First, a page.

<p><strong>Drs. Joe Nadeau (left) and David Galas have joined Pacific Northwest Diabetes Research Institute. Photos courtesy of PNDRI</strong></p>
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Drs. Joe Nadeau (left) and David Galas have joined Pacific Northwest Diabetes Research Institute. Photos courtesy of PNDRI


As with most doctors, Queen Anne resident David Galas doesn’t have much spare time, especially with his new job as principal scientist at the Pacific Northwest Diabetes Research Institute (PNDRI). 

World-renowned in his field, Galas’ research focus is type-2 diabetes. With one in three children born after 2000 susceptible to type-2, his research is timely and significant — not only to the Pacific Northwest but globally. His work involves analyzing genetic data and applying it to human diseases such as diabetes.

Also new to the institute is Dr. Joe Nadeau, a former colleague of Galas, who lives in Downtown Seattle. Nadeau said that Galas has traits that aren’t always prominent in scientists but are strong advantages.

“He’s smart [and] engaging,” Nadeau said. “He has a wide range of interests. He’s eager to explore new questions, explore new ideas. You’d think that would be common in science, but it’s not as common as you’d expect.” 

For his part, Galas said he has always considered genetics “one of the most fundamental and most intriguing parts of the biological sciences. The discovery of DNA and the discovery of codes, information about biological systems is fascinating.” 

 

Working well together

Galas hasn’t always worked in this area. It was only after he received his doctorate degree in physics from University of California, Berkeley that he began to consider a career in genetics. 

After spending time in academic science in places such as the University of Geneva and the University of Southern California, he became the director of biological and environmental research for the U.S. Department of Energy. It was during that time that he met Nadeau, and the pair worked on the Human Genome Project together. Several years later, they had the opportunity to transfer to Seattle and eventually chose to come to PNDRI, on First Hill.

Both Galas and Nadeau said their ability to work well together plays an important part in their research.

“For me, there are several things in close collaboration — one is that the other person is accomplished and has lots of expertise in particular areas, especially areas that complement what I can do,” Nadeau said. “In this case, he complements with his computational skills and experience, and I bring a genetics background. I want to work with really good people, interesting people, diverse people, well-rounded people. If you’re going to work closely with someone, you have to like, trust and respect them, too.”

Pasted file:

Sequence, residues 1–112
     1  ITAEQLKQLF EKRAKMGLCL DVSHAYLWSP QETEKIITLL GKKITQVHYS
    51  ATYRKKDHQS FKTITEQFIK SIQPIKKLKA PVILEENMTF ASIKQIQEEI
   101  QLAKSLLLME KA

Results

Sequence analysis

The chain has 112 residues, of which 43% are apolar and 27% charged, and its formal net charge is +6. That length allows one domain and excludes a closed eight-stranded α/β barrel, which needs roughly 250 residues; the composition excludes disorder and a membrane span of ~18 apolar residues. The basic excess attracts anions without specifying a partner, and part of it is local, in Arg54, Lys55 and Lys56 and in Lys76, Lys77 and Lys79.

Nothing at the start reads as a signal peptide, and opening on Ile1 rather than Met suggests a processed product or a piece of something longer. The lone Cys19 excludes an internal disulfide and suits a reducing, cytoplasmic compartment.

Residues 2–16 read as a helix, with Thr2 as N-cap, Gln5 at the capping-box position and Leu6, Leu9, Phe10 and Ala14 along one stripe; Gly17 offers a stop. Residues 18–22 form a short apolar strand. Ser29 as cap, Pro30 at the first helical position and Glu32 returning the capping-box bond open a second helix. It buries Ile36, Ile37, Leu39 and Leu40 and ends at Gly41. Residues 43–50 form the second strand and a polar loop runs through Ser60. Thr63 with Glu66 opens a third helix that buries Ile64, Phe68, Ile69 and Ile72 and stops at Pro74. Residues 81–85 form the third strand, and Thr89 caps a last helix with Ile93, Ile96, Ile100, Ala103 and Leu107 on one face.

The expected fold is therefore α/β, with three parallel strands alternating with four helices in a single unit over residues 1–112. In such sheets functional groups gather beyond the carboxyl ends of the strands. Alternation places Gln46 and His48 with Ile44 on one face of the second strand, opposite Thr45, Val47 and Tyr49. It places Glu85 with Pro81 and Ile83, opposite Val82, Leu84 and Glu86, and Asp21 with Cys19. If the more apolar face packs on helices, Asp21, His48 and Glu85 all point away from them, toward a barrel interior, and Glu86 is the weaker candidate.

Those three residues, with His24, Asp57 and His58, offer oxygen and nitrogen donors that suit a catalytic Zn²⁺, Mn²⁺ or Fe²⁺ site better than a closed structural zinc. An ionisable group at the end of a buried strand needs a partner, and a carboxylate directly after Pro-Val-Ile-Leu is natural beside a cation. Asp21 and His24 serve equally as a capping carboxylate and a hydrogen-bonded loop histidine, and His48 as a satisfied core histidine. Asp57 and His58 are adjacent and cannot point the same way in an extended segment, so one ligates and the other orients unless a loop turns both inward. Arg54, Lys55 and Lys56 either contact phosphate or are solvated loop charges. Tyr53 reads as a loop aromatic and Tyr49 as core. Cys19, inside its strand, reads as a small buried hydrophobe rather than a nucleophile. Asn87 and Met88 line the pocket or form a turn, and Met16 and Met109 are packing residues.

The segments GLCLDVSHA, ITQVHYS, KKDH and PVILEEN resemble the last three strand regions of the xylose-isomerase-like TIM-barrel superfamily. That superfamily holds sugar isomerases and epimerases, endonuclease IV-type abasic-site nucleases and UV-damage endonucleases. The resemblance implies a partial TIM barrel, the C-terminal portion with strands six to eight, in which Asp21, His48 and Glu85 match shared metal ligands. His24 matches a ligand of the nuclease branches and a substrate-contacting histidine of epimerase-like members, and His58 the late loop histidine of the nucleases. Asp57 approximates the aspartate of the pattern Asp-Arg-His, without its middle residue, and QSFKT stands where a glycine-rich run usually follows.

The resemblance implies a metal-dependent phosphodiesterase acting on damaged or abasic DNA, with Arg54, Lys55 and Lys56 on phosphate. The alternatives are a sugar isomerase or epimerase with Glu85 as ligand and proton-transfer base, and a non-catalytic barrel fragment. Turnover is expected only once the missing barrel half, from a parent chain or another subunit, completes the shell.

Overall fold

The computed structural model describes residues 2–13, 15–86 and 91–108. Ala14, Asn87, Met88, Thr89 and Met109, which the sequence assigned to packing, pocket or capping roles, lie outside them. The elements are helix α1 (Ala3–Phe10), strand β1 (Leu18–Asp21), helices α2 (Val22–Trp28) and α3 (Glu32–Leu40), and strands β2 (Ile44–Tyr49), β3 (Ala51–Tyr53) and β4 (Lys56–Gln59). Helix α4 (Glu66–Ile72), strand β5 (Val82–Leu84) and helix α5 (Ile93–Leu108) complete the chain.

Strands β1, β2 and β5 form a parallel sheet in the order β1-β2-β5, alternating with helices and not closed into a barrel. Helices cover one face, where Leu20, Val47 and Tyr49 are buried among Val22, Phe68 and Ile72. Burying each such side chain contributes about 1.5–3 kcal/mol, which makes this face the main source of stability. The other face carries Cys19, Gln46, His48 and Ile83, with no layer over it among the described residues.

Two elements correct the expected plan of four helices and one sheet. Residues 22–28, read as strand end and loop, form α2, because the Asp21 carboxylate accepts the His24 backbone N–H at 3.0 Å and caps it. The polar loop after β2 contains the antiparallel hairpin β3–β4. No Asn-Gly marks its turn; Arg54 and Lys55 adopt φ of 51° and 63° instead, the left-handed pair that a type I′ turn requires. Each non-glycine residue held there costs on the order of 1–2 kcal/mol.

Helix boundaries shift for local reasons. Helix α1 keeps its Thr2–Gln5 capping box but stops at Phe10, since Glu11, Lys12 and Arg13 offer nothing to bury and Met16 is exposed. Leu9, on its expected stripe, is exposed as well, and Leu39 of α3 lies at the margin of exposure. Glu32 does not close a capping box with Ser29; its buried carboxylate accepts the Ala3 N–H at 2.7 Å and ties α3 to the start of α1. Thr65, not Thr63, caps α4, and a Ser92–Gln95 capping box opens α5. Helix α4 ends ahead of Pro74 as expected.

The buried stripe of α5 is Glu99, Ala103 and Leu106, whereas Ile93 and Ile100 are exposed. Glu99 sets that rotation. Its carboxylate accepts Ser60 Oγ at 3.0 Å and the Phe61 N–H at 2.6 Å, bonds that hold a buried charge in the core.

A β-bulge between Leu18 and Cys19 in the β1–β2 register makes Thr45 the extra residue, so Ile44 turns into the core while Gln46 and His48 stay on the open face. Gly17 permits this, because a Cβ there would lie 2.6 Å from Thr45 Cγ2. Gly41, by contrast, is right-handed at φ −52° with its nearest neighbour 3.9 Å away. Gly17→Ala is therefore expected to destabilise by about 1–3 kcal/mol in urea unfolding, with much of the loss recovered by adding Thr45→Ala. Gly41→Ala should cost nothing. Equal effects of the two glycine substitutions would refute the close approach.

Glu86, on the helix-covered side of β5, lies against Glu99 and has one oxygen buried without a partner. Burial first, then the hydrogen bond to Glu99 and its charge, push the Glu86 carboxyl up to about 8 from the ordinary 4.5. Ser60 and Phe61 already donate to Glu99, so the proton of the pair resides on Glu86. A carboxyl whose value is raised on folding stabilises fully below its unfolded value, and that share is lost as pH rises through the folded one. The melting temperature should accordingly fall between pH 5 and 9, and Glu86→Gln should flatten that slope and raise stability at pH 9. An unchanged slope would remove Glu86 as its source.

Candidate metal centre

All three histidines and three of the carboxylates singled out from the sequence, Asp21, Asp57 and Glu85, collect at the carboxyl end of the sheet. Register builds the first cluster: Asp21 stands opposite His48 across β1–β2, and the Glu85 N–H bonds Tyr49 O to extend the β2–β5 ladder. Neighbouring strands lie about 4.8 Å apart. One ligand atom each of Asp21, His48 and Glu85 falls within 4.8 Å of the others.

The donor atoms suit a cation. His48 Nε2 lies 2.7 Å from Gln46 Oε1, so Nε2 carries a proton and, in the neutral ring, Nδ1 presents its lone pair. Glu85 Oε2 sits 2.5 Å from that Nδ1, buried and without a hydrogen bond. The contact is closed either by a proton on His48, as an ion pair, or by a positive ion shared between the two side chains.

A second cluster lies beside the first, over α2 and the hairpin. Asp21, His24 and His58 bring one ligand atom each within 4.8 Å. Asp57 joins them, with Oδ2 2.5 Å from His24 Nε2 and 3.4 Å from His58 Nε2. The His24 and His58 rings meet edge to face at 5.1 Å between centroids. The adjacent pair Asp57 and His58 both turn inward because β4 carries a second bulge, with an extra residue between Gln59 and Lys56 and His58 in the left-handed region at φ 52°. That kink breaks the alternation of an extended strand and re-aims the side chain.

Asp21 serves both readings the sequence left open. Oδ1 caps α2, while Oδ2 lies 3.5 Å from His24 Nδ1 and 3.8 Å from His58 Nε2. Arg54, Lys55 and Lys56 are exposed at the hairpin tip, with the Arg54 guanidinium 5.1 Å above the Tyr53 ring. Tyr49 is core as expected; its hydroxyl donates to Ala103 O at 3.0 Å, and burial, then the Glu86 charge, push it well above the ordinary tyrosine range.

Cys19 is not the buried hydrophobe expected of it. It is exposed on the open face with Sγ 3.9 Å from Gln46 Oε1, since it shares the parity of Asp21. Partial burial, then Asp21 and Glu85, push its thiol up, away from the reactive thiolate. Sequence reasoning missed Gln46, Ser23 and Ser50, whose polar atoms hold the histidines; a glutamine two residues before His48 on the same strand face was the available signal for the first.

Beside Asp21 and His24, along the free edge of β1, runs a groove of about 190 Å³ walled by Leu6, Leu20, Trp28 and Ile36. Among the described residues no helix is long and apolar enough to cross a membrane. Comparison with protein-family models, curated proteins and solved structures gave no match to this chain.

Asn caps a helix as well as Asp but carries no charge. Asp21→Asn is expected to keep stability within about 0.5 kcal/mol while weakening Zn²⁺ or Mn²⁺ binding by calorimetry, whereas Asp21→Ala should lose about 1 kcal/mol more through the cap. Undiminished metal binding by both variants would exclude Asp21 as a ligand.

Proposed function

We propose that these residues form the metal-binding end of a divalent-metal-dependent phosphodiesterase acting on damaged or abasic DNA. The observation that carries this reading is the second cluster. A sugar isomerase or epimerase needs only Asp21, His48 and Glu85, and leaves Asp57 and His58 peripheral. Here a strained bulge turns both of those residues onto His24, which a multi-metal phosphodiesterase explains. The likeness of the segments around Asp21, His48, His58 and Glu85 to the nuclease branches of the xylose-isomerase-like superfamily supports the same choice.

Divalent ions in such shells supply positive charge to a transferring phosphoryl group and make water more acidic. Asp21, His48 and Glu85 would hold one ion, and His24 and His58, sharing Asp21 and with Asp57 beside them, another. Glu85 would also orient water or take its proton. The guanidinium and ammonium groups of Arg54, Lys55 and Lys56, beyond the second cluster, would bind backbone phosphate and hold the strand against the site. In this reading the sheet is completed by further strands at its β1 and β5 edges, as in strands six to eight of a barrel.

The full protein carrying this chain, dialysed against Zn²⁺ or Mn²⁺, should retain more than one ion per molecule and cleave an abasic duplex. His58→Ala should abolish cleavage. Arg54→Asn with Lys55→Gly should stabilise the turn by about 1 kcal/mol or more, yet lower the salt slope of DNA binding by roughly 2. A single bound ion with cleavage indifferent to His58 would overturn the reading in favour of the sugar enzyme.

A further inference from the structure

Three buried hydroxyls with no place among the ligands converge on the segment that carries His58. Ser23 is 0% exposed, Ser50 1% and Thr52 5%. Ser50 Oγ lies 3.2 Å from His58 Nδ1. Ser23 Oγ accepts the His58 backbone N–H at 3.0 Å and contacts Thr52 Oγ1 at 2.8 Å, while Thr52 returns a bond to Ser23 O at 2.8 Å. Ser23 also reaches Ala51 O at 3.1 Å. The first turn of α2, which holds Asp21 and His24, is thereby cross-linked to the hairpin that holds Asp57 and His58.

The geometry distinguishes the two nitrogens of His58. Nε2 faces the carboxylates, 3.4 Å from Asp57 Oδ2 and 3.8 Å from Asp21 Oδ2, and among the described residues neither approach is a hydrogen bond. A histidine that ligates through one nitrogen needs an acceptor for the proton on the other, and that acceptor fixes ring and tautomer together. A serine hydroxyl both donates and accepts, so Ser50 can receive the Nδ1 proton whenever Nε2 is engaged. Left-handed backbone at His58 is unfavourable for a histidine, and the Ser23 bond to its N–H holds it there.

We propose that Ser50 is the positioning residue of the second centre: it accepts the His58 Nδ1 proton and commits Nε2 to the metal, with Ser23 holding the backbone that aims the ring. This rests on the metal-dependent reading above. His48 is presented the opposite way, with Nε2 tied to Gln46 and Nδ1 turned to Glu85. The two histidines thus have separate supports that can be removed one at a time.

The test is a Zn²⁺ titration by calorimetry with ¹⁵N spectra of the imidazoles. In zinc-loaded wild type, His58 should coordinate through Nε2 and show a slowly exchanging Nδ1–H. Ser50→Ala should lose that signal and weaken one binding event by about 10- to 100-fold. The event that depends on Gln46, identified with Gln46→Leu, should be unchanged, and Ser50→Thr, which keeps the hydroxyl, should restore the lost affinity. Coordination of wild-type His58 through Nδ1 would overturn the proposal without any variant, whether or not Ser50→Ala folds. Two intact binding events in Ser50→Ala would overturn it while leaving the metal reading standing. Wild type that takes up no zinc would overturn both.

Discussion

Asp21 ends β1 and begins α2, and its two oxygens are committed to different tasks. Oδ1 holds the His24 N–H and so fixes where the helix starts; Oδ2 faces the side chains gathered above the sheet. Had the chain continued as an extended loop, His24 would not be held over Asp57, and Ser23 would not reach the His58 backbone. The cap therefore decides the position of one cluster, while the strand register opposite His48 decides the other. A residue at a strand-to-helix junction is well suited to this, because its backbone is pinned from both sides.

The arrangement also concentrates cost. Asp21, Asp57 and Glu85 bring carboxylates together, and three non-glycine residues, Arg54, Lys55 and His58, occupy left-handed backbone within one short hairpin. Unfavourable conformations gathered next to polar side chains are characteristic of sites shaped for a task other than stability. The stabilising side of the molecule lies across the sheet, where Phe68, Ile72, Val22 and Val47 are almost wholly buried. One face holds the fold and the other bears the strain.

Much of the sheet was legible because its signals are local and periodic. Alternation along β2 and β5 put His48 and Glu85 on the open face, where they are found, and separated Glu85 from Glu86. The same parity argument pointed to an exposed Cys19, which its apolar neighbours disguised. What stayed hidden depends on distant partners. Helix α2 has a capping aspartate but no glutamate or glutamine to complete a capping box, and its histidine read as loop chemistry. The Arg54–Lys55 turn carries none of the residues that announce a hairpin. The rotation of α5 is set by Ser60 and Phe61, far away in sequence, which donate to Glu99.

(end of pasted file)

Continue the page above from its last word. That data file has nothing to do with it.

John Wecker, CEO and president of PNDRI who brought Galas and Nadeau to the institute, sees their collaboration as imperative in making “the advances necessary to take on the challenges of diabetes.” The task the institute faces is too large for a single organization to take on; this is where Galas’ international contacts become useful. Technology makes it easy to communicate and work with scientists all over the world.

“Having people like Dr. Galas and Dr. Nadeau here, bringing their understanding of the genes — together with our researchers who understand diabetes, as well as collaborators outside who also bring important new information around diabetes that we can combine,” Wecker said, “these kind of collaborative efforts really are the key to the future. And it just opens up a tremendous amount of opportunity for us as an organization to improve the impact that we can have on the health of the people living with and at risk of getting diabetes and really advancing some important biomedical breakthroughs.” 

 

A new ‘energy’

The institute began in 1956 and has a history of making biomedical advances. With a focus on diabetes, the goal is to discover new ways to prevent, manage and ultimately provide a cure in the future. 

“Once you have an understanding of the disease, you’ll be able to tell exactly and hopefully predict whether a person is really susceptible to one or the other types of diabetes long before they actually come down with it,” Galas said. “Then the real hope in the long run is to be able to do something that prevents it from happening.” 

The choice to bring Galas and Nadeau to PNDRI has fared well for Wecker, who is pleased with their work ethic and the work environment they provide. 

“[Galas] is always looking for opportunities to collaborate, and obviously, a scientist at that level is naturally inquisitive and always asking interesting questions,” Wecker said. “It's really exciting to have them here. They and their laboratories are — I like to use the word ‘vibrant’ — they’re vibrant and they’re active, and they bring an energy in the building. We just really enjoyed having them join us and be part of the PNDRI family.”